“Should I turn left or right?” Eventually I asked that simple question of each teenager who sat in our van’s passenger seat during the mission trip. We had no idea where we were going; instead, we believed that Jesus would use us in accordance with his will anywhere we ended up.
I’d heard about another youth worker attempting something similar. Where our approaches differed is that I connected ahead of time with friends in several cities who agreed to let us stay at their churches should we show up that week. Although the adult leaders and parents were aware of that, the teenagers knew only that I’d ask the “left or right” question occasionally at a defining intersection. We seemingly had no particular place to go.
My premise for pitching this trip began one day when I pulled out of the grocery store as an attractive female jogged by. During a “guy moment,” I felt tempted to take a second look and even considered turning the car in her direction. “I could just as easily get home that way,” I began to reason. Instead, I paused and invited Jesus to redirect me. He sent me the other direction, for good reason. It occurred to me that this was a pretty obvious “left or right” call.
Not everything is like that. Although teenagers sometimes face clear “sin or don’t sin” decisions, most of the time they must sort out the difference between “better or best.” We all can make those choices using our knowledge, our gut, or past baggage, but [tweet_dis]Jesus invites us to attach ourselves to him and go on an adventure.[/tweet_dis]
“What if there were a tangible way to guide teenagers into this?” I wondered. After brainstorming the topic with a few leaders and kids, we came up with this trip. The plan was simple:
- Teenagers had to apply. Because we wanted to limit the trip to a dozen kids and two adult leaders, applicants had to write a paragraph about why they wanted in. Our team ended up with a good assortment of personalities and spiritual depth.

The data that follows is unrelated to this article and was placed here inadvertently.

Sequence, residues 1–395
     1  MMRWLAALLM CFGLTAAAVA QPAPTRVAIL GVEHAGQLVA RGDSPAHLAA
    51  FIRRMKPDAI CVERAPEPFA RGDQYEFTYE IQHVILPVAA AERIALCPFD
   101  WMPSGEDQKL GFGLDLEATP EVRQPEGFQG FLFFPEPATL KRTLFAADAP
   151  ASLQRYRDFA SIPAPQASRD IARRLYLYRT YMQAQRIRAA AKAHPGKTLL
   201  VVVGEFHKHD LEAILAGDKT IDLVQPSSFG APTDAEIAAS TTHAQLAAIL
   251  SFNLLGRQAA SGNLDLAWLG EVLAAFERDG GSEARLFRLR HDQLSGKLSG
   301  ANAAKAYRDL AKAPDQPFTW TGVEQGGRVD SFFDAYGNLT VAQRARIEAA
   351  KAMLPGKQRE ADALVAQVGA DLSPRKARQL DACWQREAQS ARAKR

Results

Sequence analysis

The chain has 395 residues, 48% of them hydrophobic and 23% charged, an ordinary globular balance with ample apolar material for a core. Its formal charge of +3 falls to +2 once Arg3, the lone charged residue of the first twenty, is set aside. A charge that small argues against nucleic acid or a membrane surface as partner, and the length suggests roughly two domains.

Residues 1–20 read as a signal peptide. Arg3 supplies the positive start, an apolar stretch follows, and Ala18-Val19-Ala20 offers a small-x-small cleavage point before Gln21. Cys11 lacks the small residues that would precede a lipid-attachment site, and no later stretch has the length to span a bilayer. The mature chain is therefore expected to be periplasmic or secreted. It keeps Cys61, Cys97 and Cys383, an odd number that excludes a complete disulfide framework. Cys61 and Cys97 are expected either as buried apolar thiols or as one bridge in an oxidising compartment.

- The cost was $125 for four days. Because we slept on church floors, there weren’t any lodging costs. So the fee covered gas, one group meal a day, and “something fun” (which ended up being a water park).
- Everyone contributed $10 to a food fund. The kids managed how it was spent on lunch and dinner, along with any snacks or drinks. It’s amazing how many of them quickly found free tap water to be an incredible blessing. (Only one guy got a cup for water and secretly filled it with Sprite. We busted him with grace and accountability!)
- No electronic devices were allowed. Everyone received a notebook so they could journal their experiences as a way to pray. We built time into the schedule specifically for this; for example, “Take 10 minutes to share your thoughts and feelings with Jesus, and invite him to share his thoughts and feelings with you. If you need help, here’s a psalm for inspiration.”
So how did it play out? We ended up in three states, ministered on a beach, served in a soup kitchen, did yard work in a neighborhood, cleared out weeds and thorns at a camp, visited a Christian college (which fed us incredibly well), and made memories to last a lifetime. The young people all became part of our student leadership team, helping the youth ministry make some “left or right” decisions the next year. That was my real hope all along.
Mission trips can become experiences where we just show up and do the same thing “somewhere else” every year. There should be some real purpose behind what we do and how we do it so teenagers are impacted well after the trip.
Jesus really challenged me toward taking that type of trip during that particular season for those unique teenagers. Since then, I’ve leaned toward great trips that were more planned out or Mystery Trips where parents and youth workers make arrangements behind the scenes. There’s nothing wrong with doing something with quality and intention.
Yet there was something special about seeking God’s will on that “left or right” trip—while trusting that in doing so, we were already in his will. That was my takeaway: We get to interact with Jesus while planning trips just as much as teenagers do while taking the trips. And [tweet_dis]opportunities abound, no matter where we end up.[/tweet_dis]